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Out of the chute and in the pit
Published Thursday, 10-Sep-2009 in issue 1133
When I think of cowboys my mind instantly flashes to visions of “Little Joe Cartwright” on the 1960s television series “Bonanza.”
Little Joe, played by a young Michael Landon was handsome, masculine and extremely sexy – everything you’d want in a symbol of the wild, wild west.
Today we still expect cowboys to be handsome, masculine and extremely sexy, with an unmistakable swagger. Throw in a pair of boots, hat and tight jeans, with fringed chaps and we’re ready to drop to our knees in worship of this American icon. Times have changed but our fantasies of the bow-legged cowboy lives on.
In the GLBT community, the rodeo allows us to experience that time of dirt, sweat and hyper-masculinity.
Like the “bears” there is a huge crossover between the cowboy community and the leather community. Members of the rodeo have continually supported San Diego leather events and vice versa.
A few years back I was lucky enough to attend my first gay rodeo in San Diego. That year, friends said to expect hostile television crews and homophobes picketing the rodeo grounds. Nothing could have been further from the truth. The local community welcomed the gay cowboys, cowgirls, rodeo queens and kings, clowns, cheerleaders and all aspects of the gay rodeo. A good time was had by all and yes, there were handsome, masculine and extremely sexy cowboys everywhere.
When it comes to thrill and excitement, there is nothing quite like the rodeo. It is a great place to have fun outdoors, get dirty, enjoy talented individuals and participate in your community.
Gay rodeo is a serious event and includes all the regular attractions of a traditional rodeo, including bull and bronc riding, steer wrestling and barrel racing. Of course, there are also the usual camp events like goat dressing, steer decorating, and wild drag race. Gay rodeo is not just for gays – gay or straight – if you want to pursue this growing attraction, you too can become a gay rodeo cow-person.
This year the Greater San Diego Chapter of the Golden State Gay Rodeo Association will celebrate 21 years of boots, hats, horses, rodeo clowns and a queen or two. The festivities will take place this weekend, Sept. 11-13, at the Lakeside Rodeo Grounds and the Handlery Hotel and Resort.
In order to move past my images of Little Joe, and to help me understand the true nature of the rodeo, I turned to event and assistant hotel coordinator, Scott Mize and Rodeo President, Kelly Gilliland.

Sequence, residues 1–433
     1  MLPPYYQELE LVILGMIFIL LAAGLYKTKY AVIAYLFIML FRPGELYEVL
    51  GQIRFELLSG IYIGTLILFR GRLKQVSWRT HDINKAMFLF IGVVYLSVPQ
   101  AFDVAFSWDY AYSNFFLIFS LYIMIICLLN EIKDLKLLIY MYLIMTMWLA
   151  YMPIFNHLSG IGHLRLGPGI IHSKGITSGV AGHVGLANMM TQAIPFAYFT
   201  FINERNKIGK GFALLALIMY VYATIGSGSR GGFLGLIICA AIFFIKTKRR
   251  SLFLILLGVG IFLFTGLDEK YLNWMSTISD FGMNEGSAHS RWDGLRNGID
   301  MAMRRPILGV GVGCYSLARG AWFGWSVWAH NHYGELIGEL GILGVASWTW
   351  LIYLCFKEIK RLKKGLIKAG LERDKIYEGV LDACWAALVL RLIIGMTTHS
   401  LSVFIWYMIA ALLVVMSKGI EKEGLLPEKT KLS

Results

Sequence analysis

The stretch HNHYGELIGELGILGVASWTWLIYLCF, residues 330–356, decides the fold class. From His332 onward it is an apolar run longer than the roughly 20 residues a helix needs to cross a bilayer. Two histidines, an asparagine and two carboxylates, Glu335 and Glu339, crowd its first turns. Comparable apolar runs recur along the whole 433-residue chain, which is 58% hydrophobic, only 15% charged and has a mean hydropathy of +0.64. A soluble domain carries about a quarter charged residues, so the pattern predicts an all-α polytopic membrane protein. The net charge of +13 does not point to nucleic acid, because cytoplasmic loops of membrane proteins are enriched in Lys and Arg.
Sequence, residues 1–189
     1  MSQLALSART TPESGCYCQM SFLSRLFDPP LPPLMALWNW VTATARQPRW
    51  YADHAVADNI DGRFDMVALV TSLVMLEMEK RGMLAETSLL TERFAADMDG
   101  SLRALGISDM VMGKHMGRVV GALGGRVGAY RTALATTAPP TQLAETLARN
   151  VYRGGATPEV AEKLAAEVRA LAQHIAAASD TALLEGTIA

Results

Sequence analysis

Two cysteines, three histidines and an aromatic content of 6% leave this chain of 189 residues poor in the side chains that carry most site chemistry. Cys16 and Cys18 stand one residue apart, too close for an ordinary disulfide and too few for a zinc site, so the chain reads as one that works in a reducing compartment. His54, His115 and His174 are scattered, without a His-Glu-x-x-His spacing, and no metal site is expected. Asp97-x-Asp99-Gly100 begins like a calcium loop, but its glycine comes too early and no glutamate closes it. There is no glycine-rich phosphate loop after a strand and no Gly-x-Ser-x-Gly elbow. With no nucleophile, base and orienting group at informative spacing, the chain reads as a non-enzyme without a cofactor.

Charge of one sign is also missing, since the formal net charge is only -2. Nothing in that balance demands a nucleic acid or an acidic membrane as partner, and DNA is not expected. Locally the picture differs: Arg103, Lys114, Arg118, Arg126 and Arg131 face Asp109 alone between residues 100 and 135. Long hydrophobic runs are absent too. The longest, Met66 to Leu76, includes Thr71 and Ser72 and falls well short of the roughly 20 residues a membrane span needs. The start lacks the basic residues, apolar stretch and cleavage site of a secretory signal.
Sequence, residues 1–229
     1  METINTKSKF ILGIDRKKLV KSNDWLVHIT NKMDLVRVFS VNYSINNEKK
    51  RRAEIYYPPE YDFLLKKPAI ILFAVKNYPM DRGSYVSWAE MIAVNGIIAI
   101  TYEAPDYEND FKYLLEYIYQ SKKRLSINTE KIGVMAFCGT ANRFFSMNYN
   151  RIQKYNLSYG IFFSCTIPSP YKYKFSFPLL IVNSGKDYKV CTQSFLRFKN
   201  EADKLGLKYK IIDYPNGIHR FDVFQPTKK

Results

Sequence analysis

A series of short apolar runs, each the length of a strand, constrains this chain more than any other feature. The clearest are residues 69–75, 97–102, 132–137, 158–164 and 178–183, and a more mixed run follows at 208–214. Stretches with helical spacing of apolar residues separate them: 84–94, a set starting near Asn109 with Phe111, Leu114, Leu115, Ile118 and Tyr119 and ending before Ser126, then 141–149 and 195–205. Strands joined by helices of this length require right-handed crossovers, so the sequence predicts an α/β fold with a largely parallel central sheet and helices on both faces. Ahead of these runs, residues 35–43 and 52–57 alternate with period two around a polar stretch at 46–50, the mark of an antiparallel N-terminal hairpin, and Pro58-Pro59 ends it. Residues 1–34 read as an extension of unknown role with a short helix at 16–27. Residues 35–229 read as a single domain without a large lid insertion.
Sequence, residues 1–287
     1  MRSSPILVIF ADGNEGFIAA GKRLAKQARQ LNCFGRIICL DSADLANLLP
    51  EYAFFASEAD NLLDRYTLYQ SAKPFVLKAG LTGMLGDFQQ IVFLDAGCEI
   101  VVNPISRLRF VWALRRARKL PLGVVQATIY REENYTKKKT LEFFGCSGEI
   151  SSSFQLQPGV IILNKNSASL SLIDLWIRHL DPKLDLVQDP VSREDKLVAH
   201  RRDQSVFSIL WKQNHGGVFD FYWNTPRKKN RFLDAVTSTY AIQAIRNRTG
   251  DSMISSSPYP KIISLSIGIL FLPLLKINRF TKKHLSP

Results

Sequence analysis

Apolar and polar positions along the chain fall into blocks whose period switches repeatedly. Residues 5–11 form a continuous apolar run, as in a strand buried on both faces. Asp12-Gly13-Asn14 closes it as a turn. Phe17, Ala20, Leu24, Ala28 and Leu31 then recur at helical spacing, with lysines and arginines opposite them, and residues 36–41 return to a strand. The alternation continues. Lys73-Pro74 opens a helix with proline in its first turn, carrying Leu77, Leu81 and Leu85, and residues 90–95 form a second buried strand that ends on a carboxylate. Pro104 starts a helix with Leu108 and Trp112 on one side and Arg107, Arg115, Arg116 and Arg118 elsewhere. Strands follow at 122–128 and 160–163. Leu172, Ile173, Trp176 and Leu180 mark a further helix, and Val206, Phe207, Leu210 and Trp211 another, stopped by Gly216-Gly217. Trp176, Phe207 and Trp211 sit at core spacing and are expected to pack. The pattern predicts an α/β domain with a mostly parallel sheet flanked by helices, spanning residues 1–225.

I got them “out of the chute” and “into the pit!”
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Gay & Lesbian Times: Besides the indulgence of my fantasies what is the purpose of the “gay” rodeo?
Rodeo: Gay rodeo came into existence in 1984 when a group of gay cowboys and cowgirls wanted to raise some money for the MS society. From that moment on, gay rodeo took root and is what we know today as the International Gay Rodeo Association (IGRA). Many of our competitors compete in general rodeos. The gay rodeo help erase stereotypes for our community. There are a lot of gay people that love the rodeo and the country lifestyle, so it is a way for us to enjoy that.
GLT: Why are people drawn to the rodeo other than the dirty and sweaty men?
Rodeo: People are drawn to it because of the competition and their love of horses. Gay men took to gay rodeo when they could not compete as themselves in more traditional rodeo circuits. By having a rodeo set up for gays and lesbians they could compete on equal levels and enjoy a good time and develop there skills and horsemanship.
GLT: What goes into preparation for the rodeo?
Rodeo: Competitors are constantly preparing and training to perfect their specific skills, whether that be pole racing, barrel racing or bull riding. If they are doing a horse or speed event they usually own a horse and will practice and work with the horse so the two can work well together in the arena. For those competing in more solo events, they too practice their skills at home or at other rodeos or whenever they have a chance to rope and wrestle a steer.
GLT: What are some of the other rodeo activities and how does the rodeo benefit the community?
Rodeo: Leading up to the event we do anything from beverage busts to “casino nights” at local venues to raise funds. After the event, we donate to a specific charity that is chosen by the rodeo. This year, we have chosen Family Matters. The San Diego Chapter has raised and given back to the San Diego Community $212,000 over the years.
The rodeo is one of the first sports where gay men and women could compete and not worry about competing. There is also the historical bond between the Imperial Court system and IGRA. We support each other’s events. The western lifestyle is loved by many. We offer an outlet where a person can go from city life to working with farm animals in the great outdoors.
GLT: How does one get involved with the rodeo?
Rodeo: For anyone to get involved they do not need to own a horse or ride. They do not even need cowboy boots or a cowboy hat although hat and boots must be worn in the arena for safety. The individual needs to have a desire to learn more about the country western lifestyles. They also must volunteer to help raise monies that are going to be donated back to the community. Visit www.igra.com (International Gay Rodeo Association) to find a local chapter. For San Diego, go to www.sandiegorodeo.org
Until next time, see ya In The Pit. Please send your events and press releases to inthepitsd@aol.com.
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